Why Erie County: Cacchione, an Erie native, finds that his roots in the community can translate to connections. Connections also helped him overcome some of the challenges of his business, including finding employees with the appropriate cabinet-making skills. He began working with Karen Ernst, who teaches woodworking and furniture design at Edinboro University’s Art Department, to help him find trained workers.

Challenges of Erie County: Aside from the above-mentioned challenges in finding skilled woodworkers, Cacchione cites some of the expenses that can be significant for any small business. He also points out that it can be difficult to get lending as a small business in Erie County, since many of the banks make their lending decisions out of town.

Fun fact: Dovetail refers to a style of interlocking joint used in woodworking.

Address: 352 E. 18th St., Erie, PA 16503 or www.dovetailgalleryinc.com

 

Coming up next week: We head out to Franklin Township to tour (and taste) Hurry Hill Farm.

Performance Castings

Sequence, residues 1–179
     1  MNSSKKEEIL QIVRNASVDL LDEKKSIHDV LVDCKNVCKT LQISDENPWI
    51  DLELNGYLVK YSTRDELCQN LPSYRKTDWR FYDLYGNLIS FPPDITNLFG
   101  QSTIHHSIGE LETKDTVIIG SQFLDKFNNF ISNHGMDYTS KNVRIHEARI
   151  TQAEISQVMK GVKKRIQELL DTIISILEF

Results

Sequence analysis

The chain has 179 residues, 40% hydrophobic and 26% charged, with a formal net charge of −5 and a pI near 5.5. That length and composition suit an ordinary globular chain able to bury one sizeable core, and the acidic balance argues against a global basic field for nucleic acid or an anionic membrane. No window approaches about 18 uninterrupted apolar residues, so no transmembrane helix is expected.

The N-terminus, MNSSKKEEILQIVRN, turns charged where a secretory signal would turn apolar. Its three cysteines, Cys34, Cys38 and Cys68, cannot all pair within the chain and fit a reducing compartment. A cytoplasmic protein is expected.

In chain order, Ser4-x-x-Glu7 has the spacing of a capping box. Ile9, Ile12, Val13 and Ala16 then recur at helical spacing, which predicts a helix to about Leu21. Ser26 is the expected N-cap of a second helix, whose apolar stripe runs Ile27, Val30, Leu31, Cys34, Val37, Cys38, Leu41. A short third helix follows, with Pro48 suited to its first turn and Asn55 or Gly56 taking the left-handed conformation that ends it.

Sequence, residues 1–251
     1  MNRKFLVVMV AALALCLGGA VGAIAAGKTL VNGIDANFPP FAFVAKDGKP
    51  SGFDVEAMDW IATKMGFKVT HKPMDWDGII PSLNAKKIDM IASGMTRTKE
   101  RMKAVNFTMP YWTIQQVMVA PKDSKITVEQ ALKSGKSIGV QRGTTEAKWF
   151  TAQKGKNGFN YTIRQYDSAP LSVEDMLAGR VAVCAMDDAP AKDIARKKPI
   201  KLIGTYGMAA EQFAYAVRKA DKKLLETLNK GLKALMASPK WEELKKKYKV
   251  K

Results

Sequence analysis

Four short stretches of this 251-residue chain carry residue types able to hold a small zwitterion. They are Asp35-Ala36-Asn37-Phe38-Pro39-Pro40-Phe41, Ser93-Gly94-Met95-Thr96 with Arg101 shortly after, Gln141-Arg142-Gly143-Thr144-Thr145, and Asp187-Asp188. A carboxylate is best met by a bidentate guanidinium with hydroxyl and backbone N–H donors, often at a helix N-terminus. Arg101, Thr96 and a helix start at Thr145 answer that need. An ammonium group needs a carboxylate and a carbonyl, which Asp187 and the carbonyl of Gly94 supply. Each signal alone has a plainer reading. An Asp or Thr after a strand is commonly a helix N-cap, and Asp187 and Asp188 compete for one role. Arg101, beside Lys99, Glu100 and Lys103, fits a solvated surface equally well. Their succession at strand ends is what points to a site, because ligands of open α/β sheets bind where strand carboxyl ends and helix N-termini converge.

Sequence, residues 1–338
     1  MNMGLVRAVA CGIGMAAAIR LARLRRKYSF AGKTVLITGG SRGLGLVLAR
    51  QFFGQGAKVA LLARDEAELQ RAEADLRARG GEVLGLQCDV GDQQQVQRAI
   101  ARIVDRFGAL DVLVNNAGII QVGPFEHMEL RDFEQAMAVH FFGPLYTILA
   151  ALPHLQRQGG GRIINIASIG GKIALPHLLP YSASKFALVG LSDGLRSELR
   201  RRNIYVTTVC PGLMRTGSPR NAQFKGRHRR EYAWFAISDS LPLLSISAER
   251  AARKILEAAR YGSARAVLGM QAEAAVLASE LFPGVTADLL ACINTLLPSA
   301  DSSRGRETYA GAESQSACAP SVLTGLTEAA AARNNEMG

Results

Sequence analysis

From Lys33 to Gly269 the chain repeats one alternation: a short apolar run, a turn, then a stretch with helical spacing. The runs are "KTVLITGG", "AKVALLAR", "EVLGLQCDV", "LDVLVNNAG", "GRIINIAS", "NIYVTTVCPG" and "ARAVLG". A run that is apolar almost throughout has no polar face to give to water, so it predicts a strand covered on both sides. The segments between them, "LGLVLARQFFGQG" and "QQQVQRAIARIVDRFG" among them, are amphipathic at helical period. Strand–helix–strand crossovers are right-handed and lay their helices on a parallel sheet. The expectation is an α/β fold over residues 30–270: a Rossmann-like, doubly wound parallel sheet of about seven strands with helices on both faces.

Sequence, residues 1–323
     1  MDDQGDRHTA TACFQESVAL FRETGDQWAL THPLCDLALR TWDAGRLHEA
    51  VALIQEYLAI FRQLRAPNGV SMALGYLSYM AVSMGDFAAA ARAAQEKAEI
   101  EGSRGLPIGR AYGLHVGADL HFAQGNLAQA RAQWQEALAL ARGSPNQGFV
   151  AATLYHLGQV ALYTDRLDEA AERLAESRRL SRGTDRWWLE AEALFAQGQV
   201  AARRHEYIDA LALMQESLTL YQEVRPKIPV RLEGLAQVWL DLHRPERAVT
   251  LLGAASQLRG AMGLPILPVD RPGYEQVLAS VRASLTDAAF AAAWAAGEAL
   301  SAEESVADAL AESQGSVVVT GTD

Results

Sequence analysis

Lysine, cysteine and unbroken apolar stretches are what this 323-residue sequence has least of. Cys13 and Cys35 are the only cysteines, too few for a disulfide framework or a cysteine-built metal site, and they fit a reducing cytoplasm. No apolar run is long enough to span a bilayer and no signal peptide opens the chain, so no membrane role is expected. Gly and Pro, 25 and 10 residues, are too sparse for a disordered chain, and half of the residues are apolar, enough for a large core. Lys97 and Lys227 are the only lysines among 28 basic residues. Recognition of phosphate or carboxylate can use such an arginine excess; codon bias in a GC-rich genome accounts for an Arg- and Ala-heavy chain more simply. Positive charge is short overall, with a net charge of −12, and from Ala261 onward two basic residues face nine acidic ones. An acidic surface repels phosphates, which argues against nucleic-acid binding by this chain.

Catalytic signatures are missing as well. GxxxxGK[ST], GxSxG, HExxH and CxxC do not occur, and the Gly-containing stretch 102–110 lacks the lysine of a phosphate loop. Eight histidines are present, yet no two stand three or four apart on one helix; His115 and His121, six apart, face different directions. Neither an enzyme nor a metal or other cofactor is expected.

The story of Performance Castings is one of commitment to Erie – in more ways than one.

The company, which specializes in iron castings, has been operating at East 16th Street in the city of Erie since 1988, when it emerged from the bankruptcy of Erie Castings.

Owner Steve Konzel committed to continuing that history when he purchased the business just over two years ago. Konzel, who is an Erie native, says he was looking for an opportunity to stay and make a livelihood in his hometown – and Performance Castings offered that chance.

Today, he is working to make sure that Performance Castings continues to provide that livelihood not just for his family, but for his employees.

Part of that means making sure that his work stays diversified, he says.

Performance Castings makes parts for a variety of industries, as part of a concerted effort to withstand downturns in any one sector. So if, for example, the federal government cuts spending, Performance Castings won’t be devastated by losing some work for the Defense Department. Or if the oil and gas industry falters (as it did in recent years), then the company can rely on business from other sectors to weather the storm.